The Priority of Soul Care



By Alex Ruzanic

I have a theory – in today’s culture our time is as important a commodity as money. Therefore how we spend our time speaks loudly about what and who we treasure. As youth workers we have a unique opportunity and tremendous responsibility to model a wise stewardship of our time for the students we care for and minister to. This MUST include something that I’m willing to bet many of us struggle with on a regular basis: SOUL CARE.

It doesn’t matter if you are a volunteer or paid staff, ordained or lay, full or part-time – the example you set for your students in this area can have an enormous impact on how they learn to incorporate soul care and by extension, self-care, into their everyday lives. If we want to buck the trends and see our young people still engaged in their faith 10 years down the road we MUST help them learn the importance of creating a regimen within their crammed schedules to slow down and experience God in the depths of their souls.

So I have a few questions: what are you doing today to take care of your soul? Are you substituting doing ministry for real interactions with the Holy Spirit? Do you expend the same effort on your relationship with God that you do with your significant other or best friend? Do you desire to experience the Holy Spirit in real and tangible ways?

From the creation story it is evident that we are designed to be in relationship with God. God pursues us and never stops. However the pace that we are living at in 2016 is not how I believe we were designed to live. Working 55+ hours a week, running errands in our “free” time, schlepping from event to event and taking care of life’s mundane tasks keep us busier than we should be. We have perfected the smartphone relationship – where we mistake characters in text message for meaningful interaction and reading scripture on an app for a spiritual connection. When we do this we are depriving ourselves of being connected to the One who made us and desires our presence each day. Don’t get me wrong, technology CAN be a great thing for us and for our students, but it cannot be the only thing. We must develop strategies to personally invest in our own souls in ways that will meet the longing that exists in all of us to be one with our Creator.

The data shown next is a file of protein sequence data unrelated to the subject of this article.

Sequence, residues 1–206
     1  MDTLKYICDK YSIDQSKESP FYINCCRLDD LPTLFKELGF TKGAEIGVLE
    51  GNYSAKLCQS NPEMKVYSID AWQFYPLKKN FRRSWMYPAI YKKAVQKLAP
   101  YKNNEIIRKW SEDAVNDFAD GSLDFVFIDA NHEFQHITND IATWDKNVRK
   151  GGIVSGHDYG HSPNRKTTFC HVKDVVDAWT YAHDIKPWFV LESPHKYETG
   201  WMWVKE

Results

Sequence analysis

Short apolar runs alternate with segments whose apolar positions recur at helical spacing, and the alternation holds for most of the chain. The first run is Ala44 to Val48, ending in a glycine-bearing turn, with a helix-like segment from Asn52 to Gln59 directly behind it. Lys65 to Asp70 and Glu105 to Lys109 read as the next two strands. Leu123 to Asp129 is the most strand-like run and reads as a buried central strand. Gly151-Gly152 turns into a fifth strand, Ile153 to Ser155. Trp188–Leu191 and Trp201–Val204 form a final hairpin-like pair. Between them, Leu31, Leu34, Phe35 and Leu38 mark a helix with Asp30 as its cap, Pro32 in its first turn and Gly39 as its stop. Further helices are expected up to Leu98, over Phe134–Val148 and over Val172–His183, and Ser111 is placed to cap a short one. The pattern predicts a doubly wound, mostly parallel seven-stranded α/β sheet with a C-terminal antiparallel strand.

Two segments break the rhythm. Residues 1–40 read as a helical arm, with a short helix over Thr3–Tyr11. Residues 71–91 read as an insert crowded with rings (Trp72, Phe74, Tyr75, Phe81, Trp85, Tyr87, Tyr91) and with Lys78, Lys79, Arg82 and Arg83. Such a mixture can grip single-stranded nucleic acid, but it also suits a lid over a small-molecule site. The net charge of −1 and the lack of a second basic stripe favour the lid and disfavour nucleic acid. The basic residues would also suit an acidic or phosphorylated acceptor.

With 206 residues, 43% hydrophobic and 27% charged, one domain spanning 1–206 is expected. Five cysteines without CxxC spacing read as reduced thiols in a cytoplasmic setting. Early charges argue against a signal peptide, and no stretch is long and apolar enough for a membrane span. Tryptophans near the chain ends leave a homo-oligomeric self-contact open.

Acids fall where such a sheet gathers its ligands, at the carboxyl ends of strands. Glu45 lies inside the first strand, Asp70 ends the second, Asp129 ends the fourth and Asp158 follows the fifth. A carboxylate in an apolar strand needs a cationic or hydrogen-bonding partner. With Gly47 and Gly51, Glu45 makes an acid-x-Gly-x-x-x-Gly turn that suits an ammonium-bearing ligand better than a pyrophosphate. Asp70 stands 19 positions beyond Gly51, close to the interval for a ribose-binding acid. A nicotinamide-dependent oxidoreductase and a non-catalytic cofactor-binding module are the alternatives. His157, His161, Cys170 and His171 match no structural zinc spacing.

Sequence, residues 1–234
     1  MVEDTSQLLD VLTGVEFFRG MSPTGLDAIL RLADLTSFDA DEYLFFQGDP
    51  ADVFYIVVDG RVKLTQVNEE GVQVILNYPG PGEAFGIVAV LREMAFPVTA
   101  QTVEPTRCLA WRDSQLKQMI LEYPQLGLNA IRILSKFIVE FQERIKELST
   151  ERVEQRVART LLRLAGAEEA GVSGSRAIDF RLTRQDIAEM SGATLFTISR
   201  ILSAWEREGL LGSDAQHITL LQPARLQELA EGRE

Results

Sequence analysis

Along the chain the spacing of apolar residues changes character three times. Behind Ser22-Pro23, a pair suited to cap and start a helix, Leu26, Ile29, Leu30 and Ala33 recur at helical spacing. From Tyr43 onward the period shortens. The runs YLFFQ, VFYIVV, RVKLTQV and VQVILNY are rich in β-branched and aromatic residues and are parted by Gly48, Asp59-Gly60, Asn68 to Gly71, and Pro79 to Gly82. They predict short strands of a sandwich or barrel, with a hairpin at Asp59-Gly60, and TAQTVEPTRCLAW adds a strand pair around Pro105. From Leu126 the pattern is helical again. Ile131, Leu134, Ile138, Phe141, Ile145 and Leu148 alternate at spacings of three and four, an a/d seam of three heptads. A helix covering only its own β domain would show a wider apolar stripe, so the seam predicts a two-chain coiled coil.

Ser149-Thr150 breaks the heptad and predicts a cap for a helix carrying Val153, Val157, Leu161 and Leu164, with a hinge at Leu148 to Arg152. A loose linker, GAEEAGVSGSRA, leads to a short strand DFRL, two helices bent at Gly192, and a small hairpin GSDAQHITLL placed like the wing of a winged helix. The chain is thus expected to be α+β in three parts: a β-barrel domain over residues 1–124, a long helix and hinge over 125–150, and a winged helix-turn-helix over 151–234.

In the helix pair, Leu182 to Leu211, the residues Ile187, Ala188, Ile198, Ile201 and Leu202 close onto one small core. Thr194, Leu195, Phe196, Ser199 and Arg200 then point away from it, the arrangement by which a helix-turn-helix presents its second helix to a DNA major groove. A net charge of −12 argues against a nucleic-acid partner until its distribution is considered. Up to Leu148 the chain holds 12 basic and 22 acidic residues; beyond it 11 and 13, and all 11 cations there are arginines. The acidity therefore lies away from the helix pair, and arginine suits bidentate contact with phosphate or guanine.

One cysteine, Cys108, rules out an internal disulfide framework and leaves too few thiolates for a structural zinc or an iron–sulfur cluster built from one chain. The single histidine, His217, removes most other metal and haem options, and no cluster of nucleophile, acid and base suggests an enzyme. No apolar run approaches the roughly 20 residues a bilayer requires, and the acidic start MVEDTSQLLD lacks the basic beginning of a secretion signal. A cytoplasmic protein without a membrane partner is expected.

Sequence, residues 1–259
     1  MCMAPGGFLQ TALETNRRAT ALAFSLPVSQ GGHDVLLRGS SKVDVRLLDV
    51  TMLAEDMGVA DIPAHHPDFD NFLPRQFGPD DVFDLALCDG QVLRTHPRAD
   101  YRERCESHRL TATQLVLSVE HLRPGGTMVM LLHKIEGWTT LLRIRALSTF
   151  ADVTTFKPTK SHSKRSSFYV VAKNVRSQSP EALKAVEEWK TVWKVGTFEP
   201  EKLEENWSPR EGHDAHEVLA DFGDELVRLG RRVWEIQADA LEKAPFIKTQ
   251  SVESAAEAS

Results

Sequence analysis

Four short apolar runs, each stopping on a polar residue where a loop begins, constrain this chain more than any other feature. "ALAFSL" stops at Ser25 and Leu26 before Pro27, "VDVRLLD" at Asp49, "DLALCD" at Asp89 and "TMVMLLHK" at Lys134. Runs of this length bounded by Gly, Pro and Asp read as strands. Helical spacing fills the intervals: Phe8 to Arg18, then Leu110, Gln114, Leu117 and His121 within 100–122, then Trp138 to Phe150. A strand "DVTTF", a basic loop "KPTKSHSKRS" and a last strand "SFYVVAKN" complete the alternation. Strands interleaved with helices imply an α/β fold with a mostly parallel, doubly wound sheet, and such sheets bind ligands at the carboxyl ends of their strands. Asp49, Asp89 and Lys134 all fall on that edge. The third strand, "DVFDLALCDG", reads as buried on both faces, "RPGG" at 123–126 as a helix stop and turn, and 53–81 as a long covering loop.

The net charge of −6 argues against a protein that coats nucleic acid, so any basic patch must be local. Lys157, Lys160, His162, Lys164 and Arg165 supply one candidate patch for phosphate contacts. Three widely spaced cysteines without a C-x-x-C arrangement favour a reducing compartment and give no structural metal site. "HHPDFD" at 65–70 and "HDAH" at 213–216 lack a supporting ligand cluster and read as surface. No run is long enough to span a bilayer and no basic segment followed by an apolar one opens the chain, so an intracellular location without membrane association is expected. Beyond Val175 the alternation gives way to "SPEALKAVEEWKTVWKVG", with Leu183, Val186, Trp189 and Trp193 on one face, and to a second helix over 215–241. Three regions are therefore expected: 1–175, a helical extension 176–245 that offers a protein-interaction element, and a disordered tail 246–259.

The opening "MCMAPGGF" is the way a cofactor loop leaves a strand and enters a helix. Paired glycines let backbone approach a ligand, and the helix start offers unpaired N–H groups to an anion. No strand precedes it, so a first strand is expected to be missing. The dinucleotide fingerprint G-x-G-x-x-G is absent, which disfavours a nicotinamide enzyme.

Properly caring for your soul is all about living in a place of abundance and not deprivation. Some ways to do this are carving out dedicated time, reading, having conversations, sitting in silence, praying in new ways, resting, and most importantly engaging in God’s presence to hear his Spirit speaking into your soul which is at the core of your spiritual life. When we don’t slow down and nurture our souls we grow dry, tired and frustrated. There is not a one size fits all solution – everyone has different needs and different constraints on their time. What a single person can do versus what a married person with multiple children can do is different and both are okay. Whether you meet with someone one on one take time out to pray and sit in solitude, or try a directed prayer time – if you stick to it the trajectory of your spirit life WILL change. When you invite God into your soul in new ways things will happen, that you can count on.

I encourage to you find a spiritual director or a mentor. This should be someone a bit further down the path than you are and who is at a place where you desire to be as well.  A place of peace and true joy. Search for someone who exudes authenticity in their journey with God – remember nobody’s road is free of struggle but how they deal with the hard times is what should draw you to them. Be honest and ask them to help you in this process, it’s that simple. There is no magic or science, don’t make it harder than it has to be.

Spending time to allow your soul feel to rested and restored so that God can transform you will also transform your students and ministry.  When you care for yourself you will be equipped to care for others in healthier and deeper ways. You will find renewed energy to get through tough times and soar in good times. The first step is always the hardest – we can always find ways to avoid self-care because it can be intimidating to open ourselves up to God in ways that make us feel vulnerable. I cannot encourage you strongly enough to find a way to enter this journey, to begin a process of SOUL CARE in your life.